Star Wars Battlefront Review

By Marc Hollinshead, 1 year ago
With a new film on the horizon and a game recently released, Star Wars seems to be very much at the forefront of a lot of people's minds. The decades old franchise has already made a huge impact in both the film and game industry, but this year sees its rebirth with the The Force Awakens and Star Wars Battlefront. On the gaming side, Battlefront has a lot going for it due to the previous Star Wars titles and a lot of hype surrounding the new game itself. However, with a debate raging over the game's beta, there are mixed feelings about whether it's the ultimate Star Wars experience for which we've been waiting. With that in mind, does it manage to capture the essence of the beloved franchise or should it be taken to a galaxy far, far away?

Is the force strong with this one?Is the force strong with this one?

Battlefront has no story whatsoever. It exchanges a single player campaign for a full blown multiplayer battle experience. For a universe that is rich in story, the omission of a proper campaign mode is disappointing, but the developers have attempted to counteract this with the battle and survival missions. This means that if people are wanting a break from the multiplayer, they can jump into something just for themselves or with a friend.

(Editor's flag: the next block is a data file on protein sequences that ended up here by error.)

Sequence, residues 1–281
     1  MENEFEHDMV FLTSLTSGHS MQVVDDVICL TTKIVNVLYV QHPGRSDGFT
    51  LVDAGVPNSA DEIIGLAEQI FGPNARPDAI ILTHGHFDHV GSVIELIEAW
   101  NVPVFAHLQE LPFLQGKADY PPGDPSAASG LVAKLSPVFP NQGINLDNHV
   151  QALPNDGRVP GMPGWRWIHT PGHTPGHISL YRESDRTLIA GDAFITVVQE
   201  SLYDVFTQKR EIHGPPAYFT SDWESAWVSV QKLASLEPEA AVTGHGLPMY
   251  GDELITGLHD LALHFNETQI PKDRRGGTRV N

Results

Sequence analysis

If you choose to play survival missions, you will be placed in the shoes of a rebel soldier attempting to escape an imperial base. The aim is to survive fifteen waves of enemies by using the arsenal that you are given before you get picked up or manage to power up whatever means of escape you have yourself. Each mission starts with a short cutscene to explain why you are in that situation, but it's nothing special; it's ultimately an excuse to explain why you are stuck battling a lot of enemies. While it feels contrived, the main focus is on gameplay not story. The enemies are fairly limited in variety, ranging from basic storm troopers to the deadly AT-ST's. Pods will spawn during certain waves for you to claim and receive power ups if the need arises, but they can be ignored. You will also be given a number of lives to spend if you die, so if you run out it's game over. When playing alone, though, the feeling of needing a friend is always apparent as the missions seem as though they were designed to be more efficiently played in co-op. Playing with a friend, whether it's split-screen or online, is definitely the better way to play.